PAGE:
Get set, Pittston. You are less than three weeks away from downtown’s first event of the year – the St. Patrick’s Parade to be held at noon on Saturday, March 3.
I checked in with Sarah Donahue, Pittston’s special events coordinator and the city’s best-known cheerleader, on the upcoming parade. When you talk to her, you can’t help but get excited for whatever she’s promoting.
Sarah can’t wait for this year’s event where you can expect some of the same parade staples, along with new items to commemorate the fifth anniversary of the parade.
Festivities begin a week before with painting of the green line on Main Street, starting at 5 p.m. Friday, Feb. 23. Mayo Striping workers dress up in Irish clothing to do the job, so that’s a lot of fun to see.
Coming back this year will be the Pre-Parade Pub Crawl where you don’t have to crawl to participate. That event begins at 5 p.m. Feb. 24 at the Pittston Knights of Columbus, continuing on to the Tomato Bar (6:15 p.m.), followed by the Red Mill (7:30 p.m.) and concluding at Brews Brothers (8:45 p.m.) Come to think of it, after four plus hours, you may be crawling home!
On parade day, a special Parade Day Mass will be celebrated at 9 a.m. at St. John the Evangelist Church, followed by the Third Annual Leprechaun Loop race that starts with registration at 9:30 a.m. at the YMCA with the race beginning at 11 a.m. The 1-mile race begins and ends at the corner of William and Main Streets, running from Main Street around to Kennedy Blvd. and back to Main Street.
The Oscar Meyer Wienermobile will back for its second appearance to the parade and walking alongside it will be representatives from Pittston Ketchup Co. All they need is a jar of French’s mustard and buns from Stroehmann’s to make the set complete.
New this year will be the addition of the Little Miss and Little Mister Leprechaun Contest to be held at 1:30 p.m. Saturday, Feb. 24 at the Pittston Memorial Library The contest is based off the Little Miss and Mister Tomato Contest and will be hosted by Sarah Donahue herself.
The parade will be graced with the Pipes and Drums of the Emerald Society from the New York City Police Dept. Sarah is pretty excited about this particular entry, getting word this past January that it is coming.
Sarah wanted me to remind anyone interested in being in the parade that the deadline is Thursday, Feb. 15. If you are interested in entering, go to www.pittstonstpatricksparade.org and follow the link to registration to fill out the form for remittance. Also at the site, you’ll find any information you need regarding the event. The event also has a Facebook page at https://www.facebook.com/pittstonstpatsparade/.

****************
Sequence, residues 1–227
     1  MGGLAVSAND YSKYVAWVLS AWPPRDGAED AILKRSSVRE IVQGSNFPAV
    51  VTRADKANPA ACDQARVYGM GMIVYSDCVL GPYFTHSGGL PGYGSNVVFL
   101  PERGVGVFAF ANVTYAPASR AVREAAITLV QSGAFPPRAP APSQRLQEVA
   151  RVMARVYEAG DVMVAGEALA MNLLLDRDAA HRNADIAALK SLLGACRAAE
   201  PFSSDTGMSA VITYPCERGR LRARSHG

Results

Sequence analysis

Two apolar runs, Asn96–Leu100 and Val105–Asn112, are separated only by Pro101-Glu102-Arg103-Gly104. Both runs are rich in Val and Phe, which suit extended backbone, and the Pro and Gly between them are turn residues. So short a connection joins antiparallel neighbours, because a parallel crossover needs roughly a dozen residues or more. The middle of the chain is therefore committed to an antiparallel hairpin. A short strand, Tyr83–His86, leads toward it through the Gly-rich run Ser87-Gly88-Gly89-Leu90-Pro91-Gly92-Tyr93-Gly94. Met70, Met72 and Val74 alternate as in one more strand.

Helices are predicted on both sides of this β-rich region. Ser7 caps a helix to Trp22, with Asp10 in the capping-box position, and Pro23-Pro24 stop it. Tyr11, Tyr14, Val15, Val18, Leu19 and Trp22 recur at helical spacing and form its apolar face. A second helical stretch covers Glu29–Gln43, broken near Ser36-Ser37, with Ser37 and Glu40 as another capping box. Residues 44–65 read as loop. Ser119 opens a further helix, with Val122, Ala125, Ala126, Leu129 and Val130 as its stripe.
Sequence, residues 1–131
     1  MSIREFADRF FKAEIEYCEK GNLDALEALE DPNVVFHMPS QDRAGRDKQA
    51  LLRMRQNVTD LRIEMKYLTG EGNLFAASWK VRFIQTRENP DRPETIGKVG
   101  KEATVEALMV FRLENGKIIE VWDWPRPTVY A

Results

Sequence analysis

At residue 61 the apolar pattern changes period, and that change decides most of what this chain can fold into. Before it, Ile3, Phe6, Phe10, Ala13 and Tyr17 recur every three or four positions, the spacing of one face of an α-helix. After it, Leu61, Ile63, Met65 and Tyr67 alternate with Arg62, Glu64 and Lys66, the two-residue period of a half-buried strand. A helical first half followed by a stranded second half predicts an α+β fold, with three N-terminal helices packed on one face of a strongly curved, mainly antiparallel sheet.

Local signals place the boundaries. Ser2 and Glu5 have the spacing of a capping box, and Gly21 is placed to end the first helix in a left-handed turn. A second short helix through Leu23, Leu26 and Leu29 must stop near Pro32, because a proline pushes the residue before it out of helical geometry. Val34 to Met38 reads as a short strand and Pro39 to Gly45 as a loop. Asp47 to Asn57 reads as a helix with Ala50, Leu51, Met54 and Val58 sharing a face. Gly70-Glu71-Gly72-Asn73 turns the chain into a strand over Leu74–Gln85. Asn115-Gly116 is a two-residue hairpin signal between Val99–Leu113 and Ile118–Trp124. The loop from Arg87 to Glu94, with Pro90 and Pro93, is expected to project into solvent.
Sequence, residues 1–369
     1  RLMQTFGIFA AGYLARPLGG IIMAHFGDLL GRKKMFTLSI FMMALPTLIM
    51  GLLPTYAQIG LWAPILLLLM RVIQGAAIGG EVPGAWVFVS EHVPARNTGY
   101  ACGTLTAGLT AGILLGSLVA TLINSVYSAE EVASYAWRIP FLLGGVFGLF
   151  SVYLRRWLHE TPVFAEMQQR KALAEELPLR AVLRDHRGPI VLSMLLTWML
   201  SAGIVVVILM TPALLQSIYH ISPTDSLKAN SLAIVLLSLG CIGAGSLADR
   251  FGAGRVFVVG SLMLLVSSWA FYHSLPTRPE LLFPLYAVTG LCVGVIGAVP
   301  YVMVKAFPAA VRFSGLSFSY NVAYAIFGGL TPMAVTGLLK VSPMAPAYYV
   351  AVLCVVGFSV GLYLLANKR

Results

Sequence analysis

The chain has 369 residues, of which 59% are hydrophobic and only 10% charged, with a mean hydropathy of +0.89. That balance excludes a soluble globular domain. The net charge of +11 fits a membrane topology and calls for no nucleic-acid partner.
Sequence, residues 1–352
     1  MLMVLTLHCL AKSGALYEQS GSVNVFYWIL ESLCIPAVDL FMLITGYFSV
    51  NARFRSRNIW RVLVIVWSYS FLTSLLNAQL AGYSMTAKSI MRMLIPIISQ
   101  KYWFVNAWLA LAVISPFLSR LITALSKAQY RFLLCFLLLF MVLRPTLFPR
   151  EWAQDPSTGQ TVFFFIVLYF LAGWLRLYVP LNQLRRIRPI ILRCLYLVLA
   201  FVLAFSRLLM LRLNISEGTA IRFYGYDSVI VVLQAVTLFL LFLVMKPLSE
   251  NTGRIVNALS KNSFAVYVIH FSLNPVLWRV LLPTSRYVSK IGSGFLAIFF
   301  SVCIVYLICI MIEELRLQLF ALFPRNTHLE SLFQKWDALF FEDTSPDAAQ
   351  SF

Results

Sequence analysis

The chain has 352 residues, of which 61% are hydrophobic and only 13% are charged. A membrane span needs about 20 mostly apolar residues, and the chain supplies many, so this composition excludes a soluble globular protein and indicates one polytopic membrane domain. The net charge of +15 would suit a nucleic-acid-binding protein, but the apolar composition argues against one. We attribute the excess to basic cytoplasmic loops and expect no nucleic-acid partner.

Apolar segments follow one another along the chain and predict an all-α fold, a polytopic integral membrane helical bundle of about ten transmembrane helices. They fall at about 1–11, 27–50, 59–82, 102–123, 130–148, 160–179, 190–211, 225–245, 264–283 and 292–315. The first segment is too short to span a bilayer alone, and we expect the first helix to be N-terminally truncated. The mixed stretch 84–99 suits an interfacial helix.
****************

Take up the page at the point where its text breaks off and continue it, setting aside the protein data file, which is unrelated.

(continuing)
All that’s needed now is some warmer weather than we’ve had in the past to help bring the crowds to downtown.
You know spring is around the corner when the Pittston St. Patrick’s Parade nears.
I miss this guy
“And that’s the way it is…” That was the late news anchor Walter Cronkite’s famous signature sign-off from the evening news on CBS for many years.
When he said those words, you knew he meant it and there was no mistaking his words were final.
Today when you watch national news, you think you are watching something definitive… that’s the way it is. With the term “fake news” being tossed around so freely, it puts news agencies in a bad light. What or whom are you to believe?
Cronkite was known as “the most trusted man in America” when he was king of the airwaves. I didn’t think I missed hearing his voice until I watched the movie, “The Post,” where he made several archival appearances based on actual events of the early 1970s.
Listening to his cadence as he delivered the news reminded me of how professional he was. The depth of his voice was so assuring; it was like listening to your grandfather tell a story.
Cronkite was there for the Kennedy assassination, the Cuban Missile Crisis, Apollo 11 moon landing and so many more historical events.
Hearing his voice made me feel like I was 12 years old again. It’s hard to remember who the other major news anchors were when I was growing up because everyone tuned into CBS to watch Cronkite.
He seemed the eminent authority on every subject, no matter what he was reporting. You rarely saw emotion from Cronkite except on two occasions — the day he announced President Kennedy was killed and the joy he exhibited when reporting Apollo 11 had landed on the moon followed by Neil Armstrong setting foot on the lunar surface.
He was one of a kind. We need another Walter Cronkite to pull this country together again. We need someone we consider trustworthy who can deliver the news of the day and we can believe what they are saying.
Cronkite was also known as a pipe smoker and, for some reason, that seemed to make him more identifiable, adding to his trustworthiness.
When I studied journalism in college, I don’t recall taking a class on public deceptiveness or lying to the public. We were taught to be neutral, unbiased and report the facts.
After all, that’s the way it was… and is.
Quote of the week
“There are some people who leave impressions not so lasting as the imprint of an oar upon the water.” – Kate Chopin, American writer, poet
Thought of the week
“Music washes away the soul of the dust of everyday life.” – Berthold Auerbach, German novelist
“No great man is ever born too soon or too late.” – George Norman Douglas, Finnish composer
Reach the Sunday Dispatch newsroom at 570-655-1418 or by email at firstname.lastname@example.org.